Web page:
In fact, according to multiple sources reached recently, no one in the American intelligence community was spying on U.S. citizens or our elected representatives, and forwarding their names to the White House; the White House just wanted them to believe this was happening. Why? The Journal story only coheres if these purported intercepts are understood as part of the White House’s aggressive campaign to spook possible opponents of the Iran deal.
Recall, if you can, how high the stakes were. In July on The Daily Show With Jon Stewart, the president hinted broadly at anti-Semitic conceits to scare off Democrats inclined to go against the deal. New York Sen. Chuck Schumer got the full “dual loyalist” treatment when he came out against the agreement. Obama told New Jersey Senator Robert Menendez that his opposition to the deal came not out of conviction but because he was beholden to “donors and others.” The New York Times gave the administration an assist when it charged that Republican congressmen and senators opposed to the Joint Comprehensive Plan of Action are more loyal to the prime minister of Israel than the president of the United States: a Times editorial described the “vicious battle” as “the unseemly spectacle of lawmakers siding with a foreign leader against their own commander in chief.”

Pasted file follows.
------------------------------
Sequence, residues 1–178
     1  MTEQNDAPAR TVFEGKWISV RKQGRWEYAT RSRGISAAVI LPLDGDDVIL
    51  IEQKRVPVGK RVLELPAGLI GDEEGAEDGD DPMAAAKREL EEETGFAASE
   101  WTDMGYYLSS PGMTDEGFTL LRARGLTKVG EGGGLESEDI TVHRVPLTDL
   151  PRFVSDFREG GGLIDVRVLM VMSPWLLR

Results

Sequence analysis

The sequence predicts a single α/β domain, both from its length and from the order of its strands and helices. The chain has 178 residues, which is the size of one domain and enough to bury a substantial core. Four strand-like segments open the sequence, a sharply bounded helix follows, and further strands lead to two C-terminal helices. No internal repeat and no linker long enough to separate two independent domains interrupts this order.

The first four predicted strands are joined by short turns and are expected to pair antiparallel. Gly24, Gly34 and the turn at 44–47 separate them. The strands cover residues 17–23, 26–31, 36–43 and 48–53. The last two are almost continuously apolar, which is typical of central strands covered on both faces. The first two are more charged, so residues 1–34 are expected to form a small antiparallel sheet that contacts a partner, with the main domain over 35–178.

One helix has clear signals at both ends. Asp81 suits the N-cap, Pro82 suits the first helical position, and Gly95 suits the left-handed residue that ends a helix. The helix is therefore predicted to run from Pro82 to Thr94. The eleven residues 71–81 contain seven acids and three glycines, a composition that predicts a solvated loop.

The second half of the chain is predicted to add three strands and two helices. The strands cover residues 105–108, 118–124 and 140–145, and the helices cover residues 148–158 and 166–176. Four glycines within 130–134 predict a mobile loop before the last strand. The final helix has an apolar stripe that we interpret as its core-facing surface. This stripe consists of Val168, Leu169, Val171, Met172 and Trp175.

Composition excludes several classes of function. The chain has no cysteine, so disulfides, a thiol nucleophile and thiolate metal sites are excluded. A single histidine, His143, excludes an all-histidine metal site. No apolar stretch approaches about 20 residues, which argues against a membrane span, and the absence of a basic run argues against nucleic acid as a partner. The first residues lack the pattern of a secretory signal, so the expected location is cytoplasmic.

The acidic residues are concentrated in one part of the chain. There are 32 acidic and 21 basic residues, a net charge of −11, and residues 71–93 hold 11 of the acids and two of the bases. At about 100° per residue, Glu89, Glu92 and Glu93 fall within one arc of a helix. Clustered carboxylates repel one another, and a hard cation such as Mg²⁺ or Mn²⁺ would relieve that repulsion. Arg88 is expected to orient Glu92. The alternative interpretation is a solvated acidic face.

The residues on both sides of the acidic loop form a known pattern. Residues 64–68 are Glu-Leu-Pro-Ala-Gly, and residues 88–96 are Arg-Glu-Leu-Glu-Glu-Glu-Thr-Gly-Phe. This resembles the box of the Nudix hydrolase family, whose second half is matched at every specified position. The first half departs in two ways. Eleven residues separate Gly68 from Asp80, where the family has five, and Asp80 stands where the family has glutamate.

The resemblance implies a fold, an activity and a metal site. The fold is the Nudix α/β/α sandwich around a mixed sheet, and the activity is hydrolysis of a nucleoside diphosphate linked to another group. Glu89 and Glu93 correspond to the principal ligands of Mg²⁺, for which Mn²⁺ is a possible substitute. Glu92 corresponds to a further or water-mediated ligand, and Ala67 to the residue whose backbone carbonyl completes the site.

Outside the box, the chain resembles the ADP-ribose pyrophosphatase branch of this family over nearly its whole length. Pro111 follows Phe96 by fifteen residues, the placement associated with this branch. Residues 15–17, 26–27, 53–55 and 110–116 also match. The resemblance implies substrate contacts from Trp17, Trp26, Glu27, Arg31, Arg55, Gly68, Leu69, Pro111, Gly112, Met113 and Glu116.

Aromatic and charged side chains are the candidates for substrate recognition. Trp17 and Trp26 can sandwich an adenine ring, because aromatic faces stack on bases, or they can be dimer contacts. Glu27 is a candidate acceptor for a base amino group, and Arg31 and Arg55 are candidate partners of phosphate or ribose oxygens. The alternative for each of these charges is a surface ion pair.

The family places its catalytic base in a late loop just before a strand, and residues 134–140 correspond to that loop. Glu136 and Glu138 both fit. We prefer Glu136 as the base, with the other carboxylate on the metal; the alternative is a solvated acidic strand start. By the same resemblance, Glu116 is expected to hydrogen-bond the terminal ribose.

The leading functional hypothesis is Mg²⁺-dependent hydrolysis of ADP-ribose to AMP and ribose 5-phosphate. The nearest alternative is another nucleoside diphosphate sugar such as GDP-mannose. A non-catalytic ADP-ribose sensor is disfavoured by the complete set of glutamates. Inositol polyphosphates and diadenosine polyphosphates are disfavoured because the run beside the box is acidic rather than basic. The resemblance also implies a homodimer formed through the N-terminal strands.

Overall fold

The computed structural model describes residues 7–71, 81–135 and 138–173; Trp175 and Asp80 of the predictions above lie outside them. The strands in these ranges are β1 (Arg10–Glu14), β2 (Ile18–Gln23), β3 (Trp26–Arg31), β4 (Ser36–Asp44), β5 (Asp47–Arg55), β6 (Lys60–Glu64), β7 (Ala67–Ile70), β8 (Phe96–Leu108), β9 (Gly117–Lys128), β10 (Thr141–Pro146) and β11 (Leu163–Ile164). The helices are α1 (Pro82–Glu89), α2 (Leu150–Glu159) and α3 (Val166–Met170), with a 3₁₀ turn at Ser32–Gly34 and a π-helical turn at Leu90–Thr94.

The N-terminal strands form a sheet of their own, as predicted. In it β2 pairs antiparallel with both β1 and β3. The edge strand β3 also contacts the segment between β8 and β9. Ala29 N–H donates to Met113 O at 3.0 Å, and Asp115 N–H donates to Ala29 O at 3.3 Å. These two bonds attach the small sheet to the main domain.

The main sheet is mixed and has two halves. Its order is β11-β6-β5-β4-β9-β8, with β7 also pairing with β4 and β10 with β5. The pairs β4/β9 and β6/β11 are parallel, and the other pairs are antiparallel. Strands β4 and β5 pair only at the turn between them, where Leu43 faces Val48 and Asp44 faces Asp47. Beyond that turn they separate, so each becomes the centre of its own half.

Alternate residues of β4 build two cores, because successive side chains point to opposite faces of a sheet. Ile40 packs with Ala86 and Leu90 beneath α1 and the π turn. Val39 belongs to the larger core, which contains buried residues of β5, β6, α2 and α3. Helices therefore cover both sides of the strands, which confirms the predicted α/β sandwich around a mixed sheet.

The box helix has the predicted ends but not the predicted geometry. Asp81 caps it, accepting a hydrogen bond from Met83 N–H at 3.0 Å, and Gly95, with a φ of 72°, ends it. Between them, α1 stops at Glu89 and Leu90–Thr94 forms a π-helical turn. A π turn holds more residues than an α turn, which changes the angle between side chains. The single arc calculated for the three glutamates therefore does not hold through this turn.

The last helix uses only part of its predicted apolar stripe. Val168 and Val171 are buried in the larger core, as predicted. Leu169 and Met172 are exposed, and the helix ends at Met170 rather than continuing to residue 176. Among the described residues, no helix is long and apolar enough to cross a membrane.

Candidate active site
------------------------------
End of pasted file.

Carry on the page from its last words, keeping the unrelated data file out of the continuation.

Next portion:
The poisonous environment that the administration created in order to sell the Iran deal spooked plenty of people on Capitol Hill. After all, the president accused Senators of dual loyalty, and the administration got the paper of record to drag them through the mud. In this atmosphere, would a fantasy in which the NSA was listening in on their calls and sending reports back to the White House be the weirdest thing for a Congressman to believe? No. Indeed, these were precisely the fears that the White House wanted to stoke.
What’s not clear is why this story came out now, nearly half a year after the deal was signed in July. The article is heavily reported and researched, and obviously took a long time to put together. Maybe members of Congress aren’t the only ones being gaslighted by the White House these days.